Recently Osgood reappeared in Johnny’s life, and re-met Lynn. They moved to Oregon in the summer and are getting married.


Before the first Phillies-Dodger playoff game, the Dodger announcer talked about boarding the bus with the team to go to the ball park.

“I never saw anything like it. There were a hundred people across from the hotel screaming obscenities, the worst language I ever heard even in a locker room.” Philadelphians must save the brotherly love for each other. I thought the Phillies were quitters because their fans waved white handkerchiefs, the universal sign of surrender. Maybe Cub fans will adopt it.

Really Big Shew

It’s strange how “Ed Sullivan Rock & Roll” clips are so lifeless. Many are lip-synchs, none ‘take off,’ unless you thrill to Jimbo saying “higher.” Which is not to slag Ed. While he did not leap to embrace Elvis, only booked him (for a monstrous, astonishing $50,000 for 3 shows - in 1956 you could buy five houses in Memphis for that) after Steve Allen’s ratings trounced Ed’s when he had Elvis on, Ed was hep in other ways. When he had Lord Buckley on, he sat with three other men in chairs while Buckley tweaked their neck-backs to make musical sounds, really out-there stuff. And turned the show over to Louis & Keely for 25 minutes one night. And gets the world’s thanks for booking a ‘rhythm review’ featuring Bo Diddley, Lavern Baker, the Five Keys and Willis “Gator Tail” Jackson in November, 1955 -- the bold debut of rock & roll on national tv. The Diddley set is shown in look backs, but the “Gator Tail” Jackson clip is the only footage I know that captures the wildness of the sax-driven frenzy of an early-50s jump band. You can feel the floor shake, the audience heave. What I’d give to go back and attend one of those shows.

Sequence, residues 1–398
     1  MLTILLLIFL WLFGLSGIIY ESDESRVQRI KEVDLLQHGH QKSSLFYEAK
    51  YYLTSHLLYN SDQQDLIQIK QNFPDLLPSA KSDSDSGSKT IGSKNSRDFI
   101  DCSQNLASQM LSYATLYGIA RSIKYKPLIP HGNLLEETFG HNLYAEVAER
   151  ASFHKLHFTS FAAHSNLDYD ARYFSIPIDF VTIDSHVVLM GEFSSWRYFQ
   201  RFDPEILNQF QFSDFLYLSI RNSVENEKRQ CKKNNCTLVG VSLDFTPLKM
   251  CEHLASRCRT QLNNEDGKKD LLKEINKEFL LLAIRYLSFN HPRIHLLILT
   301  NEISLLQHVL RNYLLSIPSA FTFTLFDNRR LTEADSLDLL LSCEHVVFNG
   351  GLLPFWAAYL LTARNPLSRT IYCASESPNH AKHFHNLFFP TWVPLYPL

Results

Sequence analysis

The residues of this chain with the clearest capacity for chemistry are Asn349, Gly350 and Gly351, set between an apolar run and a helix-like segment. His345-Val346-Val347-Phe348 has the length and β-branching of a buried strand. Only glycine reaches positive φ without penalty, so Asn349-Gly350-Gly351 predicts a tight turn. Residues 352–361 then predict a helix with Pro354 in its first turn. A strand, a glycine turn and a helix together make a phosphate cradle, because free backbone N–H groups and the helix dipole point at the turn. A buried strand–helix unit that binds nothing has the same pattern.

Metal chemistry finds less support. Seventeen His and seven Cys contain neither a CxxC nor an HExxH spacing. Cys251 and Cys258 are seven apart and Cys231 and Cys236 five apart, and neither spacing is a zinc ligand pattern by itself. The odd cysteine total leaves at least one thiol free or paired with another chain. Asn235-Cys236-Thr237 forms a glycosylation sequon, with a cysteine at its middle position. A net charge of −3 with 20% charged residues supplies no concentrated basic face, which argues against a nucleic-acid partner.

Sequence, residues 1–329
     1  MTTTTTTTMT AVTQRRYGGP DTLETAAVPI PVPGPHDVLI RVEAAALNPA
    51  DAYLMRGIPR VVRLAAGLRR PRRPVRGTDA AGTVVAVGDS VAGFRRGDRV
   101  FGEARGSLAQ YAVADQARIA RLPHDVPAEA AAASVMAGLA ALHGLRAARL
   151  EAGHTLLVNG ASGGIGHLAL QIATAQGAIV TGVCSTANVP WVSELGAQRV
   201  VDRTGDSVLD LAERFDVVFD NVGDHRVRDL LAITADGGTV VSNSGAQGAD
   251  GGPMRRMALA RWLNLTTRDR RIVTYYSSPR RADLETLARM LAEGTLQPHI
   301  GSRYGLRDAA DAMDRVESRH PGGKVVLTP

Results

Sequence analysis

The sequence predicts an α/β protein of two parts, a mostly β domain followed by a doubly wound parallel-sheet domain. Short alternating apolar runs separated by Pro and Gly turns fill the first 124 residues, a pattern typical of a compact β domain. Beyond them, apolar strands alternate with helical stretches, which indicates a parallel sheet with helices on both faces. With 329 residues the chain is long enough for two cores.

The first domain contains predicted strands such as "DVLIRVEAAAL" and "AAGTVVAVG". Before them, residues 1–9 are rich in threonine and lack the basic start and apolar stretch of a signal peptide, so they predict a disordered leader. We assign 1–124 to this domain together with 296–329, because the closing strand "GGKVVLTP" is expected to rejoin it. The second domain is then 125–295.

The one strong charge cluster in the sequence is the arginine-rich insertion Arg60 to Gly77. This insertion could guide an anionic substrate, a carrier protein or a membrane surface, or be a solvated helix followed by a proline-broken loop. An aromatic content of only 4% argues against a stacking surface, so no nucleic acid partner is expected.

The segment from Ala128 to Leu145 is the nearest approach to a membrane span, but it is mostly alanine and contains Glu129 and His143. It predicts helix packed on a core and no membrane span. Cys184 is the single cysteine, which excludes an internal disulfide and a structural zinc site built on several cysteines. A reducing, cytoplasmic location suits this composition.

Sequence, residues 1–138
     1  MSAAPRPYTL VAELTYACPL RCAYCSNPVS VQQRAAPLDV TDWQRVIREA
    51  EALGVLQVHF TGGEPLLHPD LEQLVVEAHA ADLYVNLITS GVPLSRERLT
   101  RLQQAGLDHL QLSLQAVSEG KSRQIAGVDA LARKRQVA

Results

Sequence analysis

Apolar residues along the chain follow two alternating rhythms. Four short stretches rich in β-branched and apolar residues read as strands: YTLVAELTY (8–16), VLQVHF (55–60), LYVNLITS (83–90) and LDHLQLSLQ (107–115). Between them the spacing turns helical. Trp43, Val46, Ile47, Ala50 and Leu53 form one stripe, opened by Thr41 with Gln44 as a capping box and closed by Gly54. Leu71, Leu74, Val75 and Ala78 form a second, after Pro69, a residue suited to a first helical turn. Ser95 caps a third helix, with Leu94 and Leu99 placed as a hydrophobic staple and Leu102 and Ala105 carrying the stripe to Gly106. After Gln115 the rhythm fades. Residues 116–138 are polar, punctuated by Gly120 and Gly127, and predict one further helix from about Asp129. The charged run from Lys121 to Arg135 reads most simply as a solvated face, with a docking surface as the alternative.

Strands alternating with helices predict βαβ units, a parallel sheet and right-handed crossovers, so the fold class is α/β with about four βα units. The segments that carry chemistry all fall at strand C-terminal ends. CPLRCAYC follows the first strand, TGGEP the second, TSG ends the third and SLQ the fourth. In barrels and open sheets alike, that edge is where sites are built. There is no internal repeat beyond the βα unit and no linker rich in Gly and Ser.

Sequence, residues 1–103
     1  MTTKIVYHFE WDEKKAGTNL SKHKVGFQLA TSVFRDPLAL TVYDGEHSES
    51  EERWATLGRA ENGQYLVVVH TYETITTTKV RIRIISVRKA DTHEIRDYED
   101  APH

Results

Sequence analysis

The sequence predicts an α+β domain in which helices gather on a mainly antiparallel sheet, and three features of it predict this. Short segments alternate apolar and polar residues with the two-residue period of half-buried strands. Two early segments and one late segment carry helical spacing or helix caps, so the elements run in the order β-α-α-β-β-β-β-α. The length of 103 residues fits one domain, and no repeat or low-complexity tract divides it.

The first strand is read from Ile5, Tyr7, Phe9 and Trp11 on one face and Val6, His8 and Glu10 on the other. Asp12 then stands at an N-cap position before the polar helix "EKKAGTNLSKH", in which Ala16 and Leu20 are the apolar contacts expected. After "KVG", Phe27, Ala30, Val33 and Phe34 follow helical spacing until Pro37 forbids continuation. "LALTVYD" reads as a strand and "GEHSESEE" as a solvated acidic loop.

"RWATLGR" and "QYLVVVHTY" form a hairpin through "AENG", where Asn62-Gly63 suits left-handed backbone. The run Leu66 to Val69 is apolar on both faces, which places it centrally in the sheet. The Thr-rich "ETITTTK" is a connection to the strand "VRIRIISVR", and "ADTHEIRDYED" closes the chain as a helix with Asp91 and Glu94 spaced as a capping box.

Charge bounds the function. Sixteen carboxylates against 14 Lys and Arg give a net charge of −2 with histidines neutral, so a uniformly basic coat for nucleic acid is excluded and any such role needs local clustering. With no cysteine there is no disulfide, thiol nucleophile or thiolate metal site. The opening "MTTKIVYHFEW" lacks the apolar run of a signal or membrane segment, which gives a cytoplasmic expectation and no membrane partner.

Booze - It’s News

I’m not a tea-totaler - well, I am, but I’m not Carrie Nation. But the press that liquor itself is getting in the L.A. Times is a clear sign the paper has been turned over to teenagers.

They send out people to evaluate bars. They hail Musso-Franks as a place where the bartenders mix a mean drink. They run articles that new cocktails are everywhere. And Elina Shatkin’s excitable article “L.A. is becoming awash in a sea of suds” about new hep places that serve many brands of beer.

The message is clear. These kid-writers are agog (agrog?) over the availability and diversity of liquor because they are entering the drinking world and they think readers are too.

Drinking as an obsession means a person needs help. Others just take it on occasion. This exaltation of booze as an evening’s activity is naive and, so recklessly hailed, sobering.

Now That Everything Is Easier Everything Is Harder

A guy says “Phone books? Why do they deliver them? I throw mine away. I just use the internet.” He’s the opposite of the wise fool.